How many times have people said their pain is a 9 or 10 (or a 47) when they’re conscious, sitting upright and drove themselves to the doctor’s office? I have seen that manifold times in hundreds of chronic pain workers’ comp claims since 2003. But it’s easy to succumb to that kind of self-assessment …

I had the flu in February and went to a CVS Minute Clinic. One of the initial questions the nurse practitioner asked me (having been prompted to do so by her practice management software) was my level of pain. I truly felt miserable — body aches, high temperature, sneezing. For a brief moment, because I wanted to ensure a prescription of Tamiflu, I wanted to catastrophize (“an irrational thought a lot of us have in believing that something is far worse than it actually is“) and say I was a 9 or 10. But then I remembered all the times I had argued against that approach. And I remembered exactly what a 9 or 10 meant. So I resisted the urge and gave myself a 5 rating. I still got the Tamiflu that started the journey to recovery.

See also: Better Outcomes for Chronic Pain  

Pain is complicated and individual, so there is not a single answer for quantifying and treating it appropriately. However, I have three high-level suggestions:

  • Re-calibrate the scale. The clinician should educate patients on the true meaning of 0 through 10 and help them decide on a lower number that better describes their pain. That would require an actual dialogue between the clinician and patient. I understand that pain is unique and personal. But if patients can convince themselves their pain is a 6 instead of a 10 (or a 47), then managing it seems much more achievable.
  • Be honest. If there is going to be residual, chronic pain, the patient should know it. And own it.
  • Manage the pain. In my opinion, “pain management” is a term that is often misused. You can’t manage your pain if you’re comatose (i.e. sedated on opioids, benzos, muscle relaxants, et al.). Yet we often see “pain management” as a series of pills or injections that are passive and repetitive (in some cases, I think pain management clinics have become “addicted” to the repeat office visits). At some point, patients need to manage their pain rather than allowing the pain to manage them, and be taught how to do that. That could mean yoga, an active lifestyle, better nutrition, biofeedback, proper sleep hygiene, deep breathing exercises, mindfulness, volunteer work or any number of other methods in combination or isolation that work for the patient. The key is an internal locus of control (“he or she can influence events and their outcomes“).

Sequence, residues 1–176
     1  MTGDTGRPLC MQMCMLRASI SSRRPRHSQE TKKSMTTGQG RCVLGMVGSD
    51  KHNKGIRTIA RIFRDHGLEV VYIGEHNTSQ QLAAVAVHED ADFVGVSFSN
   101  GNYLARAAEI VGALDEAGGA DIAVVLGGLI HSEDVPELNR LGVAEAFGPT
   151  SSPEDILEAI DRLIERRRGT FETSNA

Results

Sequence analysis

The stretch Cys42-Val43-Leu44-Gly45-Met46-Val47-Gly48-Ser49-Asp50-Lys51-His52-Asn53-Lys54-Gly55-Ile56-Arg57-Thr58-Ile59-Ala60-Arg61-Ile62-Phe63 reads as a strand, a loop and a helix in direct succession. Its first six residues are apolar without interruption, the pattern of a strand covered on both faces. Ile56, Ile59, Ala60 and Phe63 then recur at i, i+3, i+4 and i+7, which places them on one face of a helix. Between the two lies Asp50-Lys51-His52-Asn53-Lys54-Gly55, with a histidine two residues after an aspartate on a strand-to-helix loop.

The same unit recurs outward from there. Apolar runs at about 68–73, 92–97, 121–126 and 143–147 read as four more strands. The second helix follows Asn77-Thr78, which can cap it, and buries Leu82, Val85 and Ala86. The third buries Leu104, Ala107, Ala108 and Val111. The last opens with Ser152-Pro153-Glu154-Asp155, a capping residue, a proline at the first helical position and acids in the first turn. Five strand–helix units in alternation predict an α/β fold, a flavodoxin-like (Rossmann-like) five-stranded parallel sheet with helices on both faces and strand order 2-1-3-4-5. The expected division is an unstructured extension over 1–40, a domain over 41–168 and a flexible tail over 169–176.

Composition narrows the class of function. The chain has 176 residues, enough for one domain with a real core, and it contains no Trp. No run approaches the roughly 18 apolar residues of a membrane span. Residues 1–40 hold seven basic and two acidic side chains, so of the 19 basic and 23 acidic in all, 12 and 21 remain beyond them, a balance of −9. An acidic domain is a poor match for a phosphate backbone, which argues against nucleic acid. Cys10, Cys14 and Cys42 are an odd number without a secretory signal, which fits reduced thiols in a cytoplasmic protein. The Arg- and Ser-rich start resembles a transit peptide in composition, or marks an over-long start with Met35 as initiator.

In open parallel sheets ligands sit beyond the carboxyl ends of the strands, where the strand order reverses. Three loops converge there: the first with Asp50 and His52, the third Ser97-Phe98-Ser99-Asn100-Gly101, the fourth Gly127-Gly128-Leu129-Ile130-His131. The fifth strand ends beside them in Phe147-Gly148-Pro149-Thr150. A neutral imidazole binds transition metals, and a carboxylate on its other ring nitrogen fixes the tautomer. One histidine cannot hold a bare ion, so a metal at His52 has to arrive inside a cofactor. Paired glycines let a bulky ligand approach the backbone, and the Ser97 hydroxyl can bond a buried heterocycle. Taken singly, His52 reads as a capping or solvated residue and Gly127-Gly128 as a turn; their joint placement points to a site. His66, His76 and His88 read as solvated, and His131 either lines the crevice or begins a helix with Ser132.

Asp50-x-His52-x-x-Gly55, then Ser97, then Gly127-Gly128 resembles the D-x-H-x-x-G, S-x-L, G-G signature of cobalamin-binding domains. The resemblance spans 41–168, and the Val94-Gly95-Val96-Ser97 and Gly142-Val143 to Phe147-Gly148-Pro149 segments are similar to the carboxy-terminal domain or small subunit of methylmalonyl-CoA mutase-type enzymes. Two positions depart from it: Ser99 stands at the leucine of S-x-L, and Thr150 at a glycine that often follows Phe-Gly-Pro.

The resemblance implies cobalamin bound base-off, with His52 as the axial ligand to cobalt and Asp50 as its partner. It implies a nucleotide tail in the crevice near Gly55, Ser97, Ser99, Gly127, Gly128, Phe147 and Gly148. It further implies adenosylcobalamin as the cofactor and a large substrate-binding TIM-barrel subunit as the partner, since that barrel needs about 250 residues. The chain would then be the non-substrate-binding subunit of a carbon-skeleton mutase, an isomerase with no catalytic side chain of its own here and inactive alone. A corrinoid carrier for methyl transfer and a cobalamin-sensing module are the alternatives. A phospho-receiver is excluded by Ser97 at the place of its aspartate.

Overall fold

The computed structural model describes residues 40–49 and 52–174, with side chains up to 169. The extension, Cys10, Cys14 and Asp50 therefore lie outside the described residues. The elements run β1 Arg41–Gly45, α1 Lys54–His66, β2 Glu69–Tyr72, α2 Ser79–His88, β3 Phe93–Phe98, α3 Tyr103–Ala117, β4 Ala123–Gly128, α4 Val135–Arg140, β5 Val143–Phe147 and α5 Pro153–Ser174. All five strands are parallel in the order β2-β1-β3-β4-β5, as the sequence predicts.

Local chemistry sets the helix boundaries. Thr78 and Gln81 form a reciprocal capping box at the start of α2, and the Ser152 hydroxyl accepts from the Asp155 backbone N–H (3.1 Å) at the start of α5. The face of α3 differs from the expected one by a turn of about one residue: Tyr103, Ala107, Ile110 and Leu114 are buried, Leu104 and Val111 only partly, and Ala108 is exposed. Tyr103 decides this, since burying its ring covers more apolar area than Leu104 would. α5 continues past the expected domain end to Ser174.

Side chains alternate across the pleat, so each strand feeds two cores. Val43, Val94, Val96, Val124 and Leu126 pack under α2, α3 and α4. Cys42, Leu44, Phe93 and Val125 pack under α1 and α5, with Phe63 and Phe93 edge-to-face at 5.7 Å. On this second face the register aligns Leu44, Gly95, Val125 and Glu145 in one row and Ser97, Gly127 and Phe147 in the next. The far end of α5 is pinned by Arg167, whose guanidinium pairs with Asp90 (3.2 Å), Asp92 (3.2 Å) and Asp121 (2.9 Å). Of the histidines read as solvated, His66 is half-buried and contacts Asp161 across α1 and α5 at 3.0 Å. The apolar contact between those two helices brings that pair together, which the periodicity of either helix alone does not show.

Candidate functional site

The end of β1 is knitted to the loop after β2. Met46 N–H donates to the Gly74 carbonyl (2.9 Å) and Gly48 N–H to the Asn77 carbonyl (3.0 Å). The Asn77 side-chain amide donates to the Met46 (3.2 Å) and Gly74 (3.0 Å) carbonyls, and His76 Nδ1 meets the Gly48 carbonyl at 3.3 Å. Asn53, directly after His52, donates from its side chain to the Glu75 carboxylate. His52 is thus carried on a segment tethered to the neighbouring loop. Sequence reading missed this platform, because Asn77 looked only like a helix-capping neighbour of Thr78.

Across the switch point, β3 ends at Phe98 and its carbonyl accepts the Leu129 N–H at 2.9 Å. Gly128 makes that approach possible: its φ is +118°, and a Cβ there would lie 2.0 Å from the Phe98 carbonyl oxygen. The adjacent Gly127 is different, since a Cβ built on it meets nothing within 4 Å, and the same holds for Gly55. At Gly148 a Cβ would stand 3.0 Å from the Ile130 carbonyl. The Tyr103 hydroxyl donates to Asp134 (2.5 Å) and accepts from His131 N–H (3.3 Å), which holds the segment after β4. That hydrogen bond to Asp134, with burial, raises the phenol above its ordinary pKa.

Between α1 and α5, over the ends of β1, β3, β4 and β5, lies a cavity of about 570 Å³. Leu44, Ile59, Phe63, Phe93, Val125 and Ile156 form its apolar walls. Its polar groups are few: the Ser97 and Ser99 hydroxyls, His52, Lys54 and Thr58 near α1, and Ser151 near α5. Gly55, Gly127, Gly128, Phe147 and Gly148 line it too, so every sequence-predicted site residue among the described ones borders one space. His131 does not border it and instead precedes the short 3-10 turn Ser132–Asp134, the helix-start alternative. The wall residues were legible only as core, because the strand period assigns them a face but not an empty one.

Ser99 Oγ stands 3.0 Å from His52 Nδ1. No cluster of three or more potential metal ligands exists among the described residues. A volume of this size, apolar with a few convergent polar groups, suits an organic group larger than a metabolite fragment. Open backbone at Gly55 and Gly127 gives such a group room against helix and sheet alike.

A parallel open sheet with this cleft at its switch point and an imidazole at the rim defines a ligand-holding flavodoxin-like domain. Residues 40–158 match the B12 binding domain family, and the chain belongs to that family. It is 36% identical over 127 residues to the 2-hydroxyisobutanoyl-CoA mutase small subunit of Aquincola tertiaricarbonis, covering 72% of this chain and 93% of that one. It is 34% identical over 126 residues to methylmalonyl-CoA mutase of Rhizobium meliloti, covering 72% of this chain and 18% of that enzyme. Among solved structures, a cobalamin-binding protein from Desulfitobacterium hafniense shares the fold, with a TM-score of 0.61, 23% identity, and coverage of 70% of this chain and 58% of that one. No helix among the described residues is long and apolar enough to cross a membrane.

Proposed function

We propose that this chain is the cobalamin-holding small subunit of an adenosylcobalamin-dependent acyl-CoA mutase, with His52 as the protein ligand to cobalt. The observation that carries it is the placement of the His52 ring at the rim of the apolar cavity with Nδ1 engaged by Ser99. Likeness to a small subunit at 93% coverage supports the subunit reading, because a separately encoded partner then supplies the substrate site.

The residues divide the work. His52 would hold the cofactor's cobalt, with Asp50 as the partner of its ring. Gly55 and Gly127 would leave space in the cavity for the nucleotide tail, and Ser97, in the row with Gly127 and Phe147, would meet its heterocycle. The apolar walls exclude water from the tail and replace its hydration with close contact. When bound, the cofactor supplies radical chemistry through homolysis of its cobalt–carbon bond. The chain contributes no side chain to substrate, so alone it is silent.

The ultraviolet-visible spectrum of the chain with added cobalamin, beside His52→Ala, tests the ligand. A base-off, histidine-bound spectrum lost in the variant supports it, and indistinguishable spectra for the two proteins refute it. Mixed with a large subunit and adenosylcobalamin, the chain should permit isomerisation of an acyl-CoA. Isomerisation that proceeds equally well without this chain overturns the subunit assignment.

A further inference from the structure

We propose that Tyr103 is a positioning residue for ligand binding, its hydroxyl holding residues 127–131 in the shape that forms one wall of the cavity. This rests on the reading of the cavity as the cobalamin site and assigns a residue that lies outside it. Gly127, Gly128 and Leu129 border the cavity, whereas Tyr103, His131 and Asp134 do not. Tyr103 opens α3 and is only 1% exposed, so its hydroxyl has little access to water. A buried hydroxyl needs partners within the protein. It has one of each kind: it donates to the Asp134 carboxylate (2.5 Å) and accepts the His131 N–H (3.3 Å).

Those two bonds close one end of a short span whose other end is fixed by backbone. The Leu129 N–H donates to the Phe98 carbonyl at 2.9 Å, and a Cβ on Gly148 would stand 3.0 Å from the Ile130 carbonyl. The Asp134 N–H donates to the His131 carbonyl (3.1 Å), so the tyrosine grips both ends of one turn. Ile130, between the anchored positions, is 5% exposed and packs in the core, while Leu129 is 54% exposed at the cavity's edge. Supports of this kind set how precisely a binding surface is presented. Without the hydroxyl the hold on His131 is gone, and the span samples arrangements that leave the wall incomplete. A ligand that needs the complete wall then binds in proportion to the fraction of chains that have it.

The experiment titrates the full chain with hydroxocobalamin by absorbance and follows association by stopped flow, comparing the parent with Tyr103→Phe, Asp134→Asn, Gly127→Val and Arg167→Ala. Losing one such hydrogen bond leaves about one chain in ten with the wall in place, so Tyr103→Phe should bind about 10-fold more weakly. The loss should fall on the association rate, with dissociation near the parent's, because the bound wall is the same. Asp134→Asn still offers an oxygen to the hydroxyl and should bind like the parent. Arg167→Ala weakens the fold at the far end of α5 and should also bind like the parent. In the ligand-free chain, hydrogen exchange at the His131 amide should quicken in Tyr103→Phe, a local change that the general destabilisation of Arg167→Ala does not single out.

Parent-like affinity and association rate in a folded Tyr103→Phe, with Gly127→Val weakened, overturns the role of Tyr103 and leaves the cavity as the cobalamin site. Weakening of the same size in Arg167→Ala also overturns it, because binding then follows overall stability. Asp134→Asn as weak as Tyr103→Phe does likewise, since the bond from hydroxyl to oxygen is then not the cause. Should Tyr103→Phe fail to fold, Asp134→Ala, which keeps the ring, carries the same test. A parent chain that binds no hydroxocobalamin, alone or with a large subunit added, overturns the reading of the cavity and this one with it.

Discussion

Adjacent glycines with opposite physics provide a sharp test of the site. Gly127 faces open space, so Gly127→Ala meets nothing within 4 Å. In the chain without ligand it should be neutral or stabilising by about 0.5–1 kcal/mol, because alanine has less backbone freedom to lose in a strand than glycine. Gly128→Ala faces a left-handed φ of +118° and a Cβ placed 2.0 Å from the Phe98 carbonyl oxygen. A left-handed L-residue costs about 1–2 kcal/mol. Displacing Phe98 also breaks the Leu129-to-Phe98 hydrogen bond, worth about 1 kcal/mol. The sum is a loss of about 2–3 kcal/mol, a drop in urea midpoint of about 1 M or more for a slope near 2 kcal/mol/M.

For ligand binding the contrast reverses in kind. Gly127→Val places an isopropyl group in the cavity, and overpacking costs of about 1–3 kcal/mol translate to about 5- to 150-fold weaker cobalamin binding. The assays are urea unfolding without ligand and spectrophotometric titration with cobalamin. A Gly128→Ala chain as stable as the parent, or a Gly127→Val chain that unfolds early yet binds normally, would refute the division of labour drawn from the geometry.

I’m not saying pain isn’t real. For those dealing with chronic pain, it is very real. But I’ve chatted with and observed too many people with significant chronic pain who overcome it on a daily basis to live productive and happy lives. I know that chronic pain does not have to win. Instead, we need to re-define pain, re-define suffering and help people take back control of their lives.

I will finish with this wisdom from Dr. Stephen Grinstead:

  • Thoughts cause feelings
  • Thoughts + feelings = urges
  • Urges + decisions (choices) = actions
  • Actions cause reactions
  • Reactions could help or hurt management of pain

In other words, how you think about pain influences how much power pain has over you. So think differently.

The Best of Claims, the Worst of Claims

It was the best of claims; it was the worst of claims… the age of wisdom, the age of foolishness… belief vs. incredulity… hope vs. despair… etc., etc. The iconic opening paragraph from Charles Dickens’ A Tale of Two Cities makes one realize such conflicts do exist in the same space and time, albeit through different personal perspectives. Such is the reality in workers’ comp claims, where the single biggest factor in outcome is often the claimant’s attitude.

A client claim-audit project offers a jarring comparison between two claim files from different parts of the country. The claims exemplify how little control we actually have over an employee’s attitude in the disability management process, and show how vastly different the human tolls can be.

Both claims were in excess of 10 years old. Both involved exaggerated and evolving symptoms with eventual narcotic prescriptions for “pain management.” At approximately the same time, however, each took a different path.

One claimant found her own reasons and will-power to end the years she spent on prescribed pain-killers. She entered a drug treatment process on her own, eventually stopped her prescriptions and found a full-time job. The other claimant dove deeper into narcotic addiction and exhibited classic drug seeking behavior – such as “losing” his prescriptions and requiring early refills. He tested positive for other illegal drugs once his rightfully suspicious physician initiated a monitoring program.